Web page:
09 Jul Curating D-Day: Day Camp 2014
I want to apologize for the absence, but you see recently had 21 young, bright campers take over the site for a few days as they went through an intense camp where they learned all about D-Day. Let me tell you 21 campers, 18 of whom were boys, makes for a busy, tiring, and ultimately rewarding three day period.
The first day was lesson heavy as we discussed the planning for the invasion and what would be necessary for the troops and for those on the homefront to do to ensure success. I also taught students how to properly handle historical artifacts, as they would be designing “exhibits” for the open house on the last day. Day one of camp was the first of several perfect opportunities for us to test a few of the new STEM programs that we are developing. For those of you who may not be familiar with the acronym, STEM stands for science, technology, engineering, and mathematics, and has become a huge push within our education system over the past years. Day one was all about planning, so naturally we discussed the effects weather and tide had on the invasion. By the end of the day, campers were learning how to march and studying the training soldiers, sailors, and airmen were doing to prepare for the big day.
|Solving the riddles|
Day two equaled D-Day. Campers began by one of our (and coincidentally their) favorite parts of camp – the annual scavenger hunt! This year teams had two different options for their hunt; they were either spies for the Allies or the Axis gathering puzzle pieces that created both the actual map for the invasion or the deceptive plan for Calais. We had them going all over the site deciphering clues and they were only stumped when having to find the bust of Churchill.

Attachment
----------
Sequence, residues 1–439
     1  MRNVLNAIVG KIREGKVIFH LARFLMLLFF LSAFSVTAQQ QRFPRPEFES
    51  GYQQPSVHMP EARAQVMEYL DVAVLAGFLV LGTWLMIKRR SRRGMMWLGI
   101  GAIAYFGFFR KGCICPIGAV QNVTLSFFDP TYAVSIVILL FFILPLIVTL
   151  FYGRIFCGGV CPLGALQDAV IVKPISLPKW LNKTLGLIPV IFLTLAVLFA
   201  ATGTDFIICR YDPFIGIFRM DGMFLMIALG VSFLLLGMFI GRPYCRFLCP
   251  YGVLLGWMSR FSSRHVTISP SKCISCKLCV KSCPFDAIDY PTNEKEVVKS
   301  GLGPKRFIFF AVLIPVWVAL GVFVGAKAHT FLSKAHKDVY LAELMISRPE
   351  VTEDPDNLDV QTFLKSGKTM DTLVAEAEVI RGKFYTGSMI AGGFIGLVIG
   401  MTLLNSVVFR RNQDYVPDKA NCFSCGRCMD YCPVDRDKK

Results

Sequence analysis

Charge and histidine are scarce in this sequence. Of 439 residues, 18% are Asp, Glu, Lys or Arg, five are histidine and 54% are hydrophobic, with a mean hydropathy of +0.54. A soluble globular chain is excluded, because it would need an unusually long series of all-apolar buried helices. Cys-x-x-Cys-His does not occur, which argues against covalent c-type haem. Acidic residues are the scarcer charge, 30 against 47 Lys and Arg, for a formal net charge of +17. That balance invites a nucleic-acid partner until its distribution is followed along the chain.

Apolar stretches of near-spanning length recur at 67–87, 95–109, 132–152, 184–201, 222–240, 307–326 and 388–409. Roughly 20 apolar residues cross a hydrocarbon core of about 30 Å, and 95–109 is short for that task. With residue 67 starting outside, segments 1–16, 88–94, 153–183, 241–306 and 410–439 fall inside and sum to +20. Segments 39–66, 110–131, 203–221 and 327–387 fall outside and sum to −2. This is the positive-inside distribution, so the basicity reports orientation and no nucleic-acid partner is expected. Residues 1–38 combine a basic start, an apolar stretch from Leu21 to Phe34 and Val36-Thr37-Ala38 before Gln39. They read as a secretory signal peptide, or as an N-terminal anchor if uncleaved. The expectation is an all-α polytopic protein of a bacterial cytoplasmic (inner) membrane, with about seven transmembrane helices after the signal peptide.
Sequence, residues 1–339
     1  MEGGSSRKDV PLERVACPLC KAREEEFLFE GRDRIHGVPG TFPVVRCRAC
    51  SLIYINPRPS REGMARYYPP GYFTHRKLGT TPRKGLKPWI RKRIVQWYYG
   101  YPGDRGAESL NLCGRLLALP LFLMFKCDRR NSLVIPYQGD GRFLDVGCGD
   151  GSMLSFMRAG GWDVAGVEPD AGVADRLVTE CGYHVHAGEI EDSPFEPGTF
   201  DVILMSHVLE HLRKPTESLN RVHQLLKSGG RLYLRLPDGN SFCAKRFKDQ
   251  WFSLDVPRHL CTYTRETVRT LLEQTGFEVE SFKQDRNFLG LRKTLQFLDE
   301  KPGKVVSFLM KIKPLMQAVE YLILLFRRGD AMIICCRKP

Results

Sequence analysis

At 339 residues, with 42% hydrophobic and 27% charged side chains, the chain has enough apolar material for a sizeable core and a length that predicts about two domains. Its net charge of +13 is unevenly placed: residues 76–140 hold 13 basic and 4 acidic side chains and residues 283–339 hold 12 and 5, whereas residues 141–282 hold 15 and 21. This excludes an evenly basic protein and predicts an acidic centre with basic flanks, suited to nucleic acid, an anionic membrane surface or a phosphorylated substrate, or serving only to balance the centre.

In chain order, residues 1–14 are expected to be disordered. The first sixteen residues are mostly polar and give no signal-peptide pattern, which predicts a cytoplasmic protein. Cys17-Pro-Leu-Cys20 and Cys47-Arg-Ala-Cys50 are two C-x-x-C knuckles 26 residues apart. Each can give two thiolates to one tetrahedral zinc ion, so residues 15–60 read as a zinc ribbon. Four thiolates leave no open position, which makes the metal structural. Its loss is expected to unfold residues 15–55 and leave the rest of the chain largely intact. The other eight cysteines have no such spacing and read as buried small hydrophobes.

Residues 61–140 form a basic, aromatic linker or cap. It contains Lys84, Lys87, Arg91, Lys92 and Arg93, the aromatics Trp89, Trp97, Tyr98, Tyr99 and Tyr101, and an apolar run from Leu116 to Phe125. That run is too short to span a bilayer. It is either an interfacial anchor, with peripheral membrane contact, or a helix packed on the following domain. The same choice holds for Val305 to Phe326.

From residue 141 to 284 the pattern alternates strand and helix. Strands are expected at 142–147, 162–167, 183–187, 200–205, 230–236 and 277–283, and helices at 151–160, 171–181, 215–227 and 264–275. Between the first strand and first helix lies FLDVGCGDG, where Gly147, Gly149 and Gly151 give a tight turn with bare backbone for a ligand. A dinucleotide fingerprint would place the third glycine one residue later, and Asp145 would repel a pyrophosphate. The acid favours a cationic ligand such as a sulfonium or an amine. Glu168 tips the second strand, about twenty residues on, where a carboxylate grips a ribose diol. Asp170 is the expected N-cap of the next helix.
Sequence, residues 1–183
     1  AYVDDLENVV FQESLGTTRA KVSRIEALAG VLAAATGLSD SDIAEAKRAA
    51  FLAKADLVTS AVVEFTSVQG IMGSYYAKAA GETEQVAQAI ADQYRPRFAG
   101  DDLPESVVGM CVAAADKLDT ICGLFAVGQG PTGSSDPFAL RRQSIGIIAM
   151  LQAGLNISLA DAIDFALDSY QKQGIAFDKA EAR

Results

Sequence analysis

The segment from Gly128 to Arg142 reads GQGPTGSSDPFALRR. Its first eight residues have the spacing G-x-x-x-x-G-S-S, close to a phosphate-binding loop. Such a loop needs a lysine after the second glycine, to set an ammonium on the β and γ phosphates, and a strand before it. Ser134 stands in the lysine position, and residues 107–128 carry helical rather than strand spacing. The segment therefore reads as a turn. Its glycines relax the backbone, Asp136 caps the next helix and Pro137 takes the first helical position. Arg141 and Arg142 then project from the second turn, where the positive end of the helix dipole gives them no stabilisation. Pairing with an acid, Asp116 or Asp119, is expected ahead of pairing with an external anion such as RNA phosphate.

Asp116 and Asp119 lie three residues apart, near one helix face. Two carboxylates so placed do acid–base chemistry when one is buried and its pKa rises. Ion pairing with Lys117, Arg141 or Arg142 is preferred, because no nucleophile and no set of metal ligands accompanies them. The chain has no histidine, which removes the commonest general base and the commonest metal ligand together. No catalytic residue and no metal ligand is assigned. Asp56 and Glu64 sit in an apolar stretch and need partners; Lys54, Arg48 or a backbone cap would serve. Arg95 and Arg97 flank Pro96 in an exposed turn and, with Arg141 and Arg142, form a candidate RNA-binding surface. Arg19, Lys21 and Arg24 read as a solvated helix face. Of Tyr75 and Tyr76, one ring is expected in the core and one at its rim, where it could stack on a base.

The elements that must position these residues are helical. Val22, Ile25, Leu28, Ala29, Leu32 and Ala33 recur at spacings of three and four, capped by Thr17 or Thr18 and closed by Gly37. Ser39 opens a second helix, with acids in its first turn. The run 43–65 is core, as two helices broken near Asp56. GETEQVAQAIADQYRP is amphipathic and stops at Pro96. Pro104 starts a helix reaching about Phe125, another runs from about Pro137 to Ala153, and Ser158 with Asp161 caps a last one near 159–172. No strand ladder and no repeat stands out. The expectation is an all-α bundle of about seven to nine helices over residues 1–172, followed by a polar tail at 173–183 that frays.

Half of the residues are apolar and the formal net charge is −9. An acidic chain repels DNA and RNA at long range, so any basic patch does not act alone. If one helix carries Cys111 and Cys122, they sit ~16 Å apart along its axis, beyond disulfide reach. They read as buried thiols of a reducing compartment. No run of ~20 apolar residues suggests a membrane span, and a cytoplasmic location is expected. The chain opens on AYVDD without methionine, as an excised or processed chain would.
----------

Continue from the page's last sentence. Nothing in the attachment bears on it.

|Trying to hit the targets|
After this we broke into our STEM rotations: gardening, gliders, tanks, and Higgins boats. Each of these rotations had some lesson that related the historical topic back to the ideas of STEM. At the tank section, campers had to use water cannons to hit targets placed at random intervals on the ground. There were protractors available so campers could figure out the angles they had to use in order to hit their targets.
|Waiting to see how the boat holds up|
Campers moved to trying to fly gliders thinking about things such as wind as they tried to make their glider go the greatest distance. Next came construction time where students had to use the provided materials to design their own Higgins boats. Their boats had to withstand so much weight without sinking. Finally, we step back from the frontlines and go to the homefront where over 2 million victory gardens were grown during the war. During this section we discussed the process of photosynthesis and what all plants need to grow (before going in to do a little weeding in the garden).
|Learning about gardening|
On the final day, campers created exhibits with artifacts and the posters to show off everything they had learned over the past few days. They were also “recruited” into the Navy and were able to look at some artifacts that had been brought by Jim Callear, a wonderful friend to the Memorial.
Overall, camp was a wonderful experience where campers were able to take on a hands-on, interactive approach to learning. They were genuinely excited about learning and it was very rewarding to get to listen to the campers during the open house as they told parents, volunteers, and staff members all about what they had learned over the course of such a short period of time.
|Getting ready for our “exhibit” opening|
Until next time,